"The higher expression of PACAP we have found in women points to them being more prone to neuropsychiatric diseases. This is caused by interaction with the hormone oestradiol, so we anticipate the development of treatment being linked to the balancing of oestradiol," explains the scientist.
Research in the field of Alzheimer’s disease
As her research continues, it will also include the brains of those who suffered Alzheimer’s dementia. She divides these into two groups, those with Alzheimer’s disease and depression, and those that did not suffer depression alongside Alzheimer’s. "Fifty percent of patients with Alzheimer’s suffer depression, which seriously increases the burden on patients and carers and is often a reason for hospitalisation. In Slovenia, 35,000 people have Alzheimer’s, and it occurs in 5.05% of the population of Europe, which represents an additional socio-economic burden. Previous pharmacological therapies with antidepressants improved the symptoms of depression in only around 50% of patients," says Slabe.
The neuropeptide PACAP has never yet been researched in connection with Alzheimer’s disease in post-mortem human brain tissue.
The biopsychologist is convinced that further study could make a major contribution to understanding this disease.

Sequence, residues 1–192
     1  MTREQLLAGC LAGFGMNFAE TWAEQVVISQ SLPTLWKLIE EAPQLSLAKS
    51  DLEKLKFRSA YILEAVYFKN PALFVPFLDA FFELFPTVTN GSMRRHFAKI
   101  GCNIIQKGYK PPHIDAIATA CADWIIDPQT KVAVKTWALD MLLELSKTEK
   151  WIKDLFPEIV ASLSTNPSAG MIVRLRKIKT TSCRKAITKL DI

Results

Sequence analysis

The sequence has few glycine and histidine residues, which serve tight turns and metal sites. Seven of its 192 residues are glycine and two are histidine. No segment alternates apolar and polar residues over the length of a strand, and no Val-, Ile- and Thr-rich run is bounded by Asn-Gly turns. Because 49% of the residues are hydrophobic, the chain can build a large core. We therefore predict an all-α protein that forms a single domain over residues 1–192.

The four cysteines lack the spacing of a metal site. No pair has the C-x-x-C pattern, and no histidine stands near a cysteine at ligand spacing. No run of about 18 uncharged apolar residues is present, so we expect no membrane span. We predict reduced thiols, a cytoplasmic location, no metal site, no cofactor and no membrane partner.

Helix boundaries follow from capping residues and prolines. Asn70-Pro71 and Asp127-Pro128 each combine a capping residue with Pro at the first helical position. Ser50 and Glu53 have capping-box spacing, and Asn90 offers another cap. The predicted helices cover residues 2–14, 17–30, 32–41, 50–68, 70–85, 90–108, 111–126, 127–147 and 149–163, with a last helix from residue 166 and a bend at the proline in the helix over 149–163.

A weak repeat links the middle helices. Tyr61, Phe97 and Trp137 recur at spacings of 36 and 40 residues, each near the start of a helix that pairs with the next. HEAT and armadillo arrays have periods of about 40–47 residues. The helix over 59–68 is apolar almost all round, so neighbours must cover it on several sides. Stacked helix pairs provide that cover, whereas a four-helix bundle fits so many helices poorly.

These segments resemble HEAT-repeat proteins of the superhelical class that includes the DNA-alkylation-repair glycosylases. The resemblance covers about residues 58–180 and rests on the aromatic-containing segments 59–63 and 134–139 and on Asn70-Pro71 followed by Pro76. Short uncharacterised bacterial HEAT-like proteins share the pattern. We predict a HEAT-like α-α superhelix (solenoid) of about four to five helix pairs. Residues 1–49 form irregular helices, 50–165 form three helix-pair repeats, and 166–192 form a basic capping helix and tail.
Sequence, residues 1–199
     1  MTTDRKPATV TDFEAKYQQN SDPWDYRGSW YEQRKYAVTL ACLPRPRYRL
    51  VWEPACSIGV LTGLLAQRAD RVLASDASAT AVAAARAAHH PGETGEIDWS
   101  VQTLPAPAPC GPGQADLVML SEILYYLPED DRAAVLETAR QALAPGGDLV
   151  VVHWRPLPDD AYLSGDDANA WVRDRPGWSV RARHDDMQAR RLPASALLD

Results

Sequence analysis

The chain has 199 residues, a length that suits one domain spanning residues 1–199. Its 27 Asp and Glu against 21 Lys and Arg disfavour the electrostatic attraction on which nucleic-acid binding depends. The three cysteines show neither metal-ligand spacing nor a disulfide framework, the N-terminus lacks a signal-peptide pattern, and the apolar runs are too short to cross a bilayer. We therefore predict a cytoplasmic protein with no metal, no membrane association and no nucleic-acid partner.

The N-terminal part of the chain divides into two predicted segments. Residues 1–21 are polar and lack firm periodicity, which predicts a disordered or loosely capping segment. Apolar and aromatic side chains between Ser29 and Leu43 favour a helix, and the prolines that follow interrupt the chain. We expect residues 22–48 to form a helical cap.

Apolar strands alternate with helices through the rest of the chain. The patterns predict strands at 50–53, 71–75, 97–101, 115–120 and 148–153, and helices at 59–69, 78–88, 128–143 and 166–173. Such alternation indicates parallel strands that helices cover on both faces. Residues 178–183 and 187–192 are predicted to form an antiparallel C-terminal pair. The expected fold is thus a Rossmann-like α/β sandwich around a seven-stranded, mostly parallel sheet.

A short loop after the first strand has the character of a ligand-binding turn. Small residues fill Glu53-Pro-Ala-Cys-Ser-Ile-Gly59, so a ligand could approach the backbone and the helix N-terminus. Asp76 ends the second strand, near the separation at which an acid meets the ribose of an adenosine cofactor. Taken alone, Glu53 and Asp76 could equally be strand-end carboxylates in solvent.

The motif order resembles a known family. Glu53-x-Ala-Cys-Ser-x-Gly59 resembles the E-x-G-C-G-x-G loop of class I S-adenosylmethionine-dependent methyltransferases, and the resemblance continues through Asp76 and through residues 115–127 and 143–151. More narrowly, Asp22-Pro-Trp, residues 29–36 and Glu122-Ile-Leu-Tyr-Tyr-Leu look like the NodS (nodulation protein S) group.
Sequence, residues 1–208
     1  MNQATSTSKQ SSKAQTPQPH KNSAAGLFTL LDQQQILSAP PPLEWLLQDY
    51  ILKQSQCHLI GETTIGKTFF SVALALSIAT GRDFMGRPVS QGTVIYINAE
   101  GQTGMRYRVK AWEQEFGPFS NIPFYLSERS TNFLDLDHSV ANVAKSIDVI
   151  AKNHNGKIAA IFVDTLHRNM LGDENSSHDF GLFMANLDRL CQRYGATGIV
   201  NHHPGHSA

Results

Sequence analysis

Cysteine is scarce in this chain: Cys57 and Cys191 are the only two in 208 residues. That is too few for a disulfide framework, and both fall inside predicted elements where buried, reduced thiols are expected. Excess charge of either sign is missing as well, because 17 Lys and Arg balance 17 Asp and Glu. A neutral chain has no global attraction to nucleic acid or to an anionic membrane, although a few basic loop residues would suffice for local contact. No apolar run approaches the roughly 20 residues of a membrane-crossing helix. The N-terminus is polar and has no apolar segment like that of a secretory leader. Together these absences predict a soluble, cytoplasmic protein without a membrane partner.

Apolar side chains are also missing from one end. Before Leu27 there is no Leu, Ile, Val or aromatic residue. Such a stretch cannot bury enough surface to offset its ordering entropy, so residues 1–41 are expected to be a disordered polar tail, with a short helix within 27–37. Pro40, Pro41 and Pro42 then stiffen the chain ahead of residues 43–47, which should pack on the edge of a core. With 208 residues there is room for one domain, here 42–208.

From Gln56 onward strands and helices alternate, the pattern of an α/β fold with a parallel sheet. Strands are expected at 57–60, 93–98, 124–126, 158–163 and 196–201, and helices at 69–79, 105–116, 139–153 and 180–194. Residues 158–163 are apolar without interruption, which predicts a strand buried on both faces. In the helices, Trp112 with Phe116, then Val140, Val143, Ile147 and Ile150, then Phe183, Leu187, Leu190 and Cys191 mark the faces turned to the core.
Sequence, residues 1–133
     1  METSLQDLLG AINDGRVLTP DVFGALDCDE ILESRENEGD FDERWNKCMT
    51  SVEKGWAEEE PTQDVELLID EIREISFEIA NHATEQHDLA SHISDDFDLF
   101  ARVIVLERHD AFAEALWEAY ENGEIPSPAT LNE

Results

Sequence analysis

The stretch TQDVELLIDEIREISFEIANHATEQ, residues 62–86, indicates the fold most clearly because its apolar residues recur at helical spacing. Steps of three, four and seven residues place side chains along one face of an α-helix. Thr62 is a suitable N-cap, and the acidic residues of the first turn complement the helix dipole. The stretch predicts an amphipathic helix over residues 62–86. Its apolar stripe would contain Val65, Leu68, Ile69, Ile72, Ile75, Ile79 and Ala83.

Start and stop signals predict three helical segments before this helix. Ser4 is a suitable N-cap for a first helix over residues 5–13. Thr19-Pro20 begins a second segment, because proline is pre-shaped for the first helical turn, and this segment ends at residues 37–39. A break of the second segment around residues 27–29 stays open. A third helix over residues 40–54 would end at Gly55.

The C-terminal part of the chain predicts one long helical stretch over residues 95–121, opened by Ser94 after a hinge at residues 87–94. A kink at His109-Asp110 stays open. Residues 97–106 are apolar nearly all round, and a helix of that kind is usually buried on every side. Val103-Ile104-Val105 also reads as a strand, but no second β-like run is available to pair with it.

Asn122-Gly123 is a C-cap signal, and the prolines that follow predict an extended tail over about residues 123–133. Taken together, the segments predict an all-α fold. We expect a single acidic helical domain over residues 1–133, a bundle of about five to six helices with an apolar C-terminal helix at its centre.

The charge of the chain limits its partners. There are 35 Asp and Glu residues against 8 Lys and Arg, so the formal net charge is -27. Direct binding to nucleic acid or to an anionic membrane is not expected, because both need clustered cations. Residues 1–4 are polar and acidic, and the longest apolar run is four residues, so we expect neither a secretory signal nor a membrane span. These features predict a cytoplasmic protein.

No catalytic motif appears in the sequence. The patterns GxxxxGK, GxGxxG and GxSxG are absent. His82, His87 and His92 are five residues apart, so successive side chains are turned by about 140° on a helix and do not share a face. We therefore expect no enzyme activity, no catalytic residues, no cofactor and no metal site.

It is known that PACAP dysregulation can cause depression. The development of specific treatments that could balance the neuropeptide PACAP could also then contribute to delaying the onset of Alzheimer’s disease.
What further research promises
Current pharmacological antidepressant therapies improve symptoms through complex mechanisms that are not fully understood. Research into the neuropeptide PACAP system provides a broad picture, since it enables a better understanding of the actual functioning of the neuropeptide, gender differences in the human brain and the spread of neuropeptide disorders. "A knowledge of its functioning signifies an important contribution to the development of (gender-specific) psychopharmacological treatment," notes Slabe, who highlights that PACAP research also plays a vital part in controlling the onset of neurodegenerative diseases, the percentage of which in the modern world is increasing owing to the ageing of the population. With the development of treatment to regulate the PACAP system, we can ensure a lower incidence of depression, which indirectly contributes to the progress of Alzheimer’s disease. "The population is ageing and along with this the drive to research this disease and discover medication and treatment is growing, so researchers are seeking various targets, and PACAP could be one of those," she adds.In the future, Zala Slabe wants this kind of research to start being conducted in Slovenia, too.
"I want to transfer the experience I am gathering abroad to Slovenia, both in terms of techniques and the founding and development of some organisation or institute that would support the storage of post-mortem brain tissue. Establishing such an organisation would enable all the neuroscientists in Slovenia to research neuropsychiatric disorders. Having the possibility of such research would be extremely useful."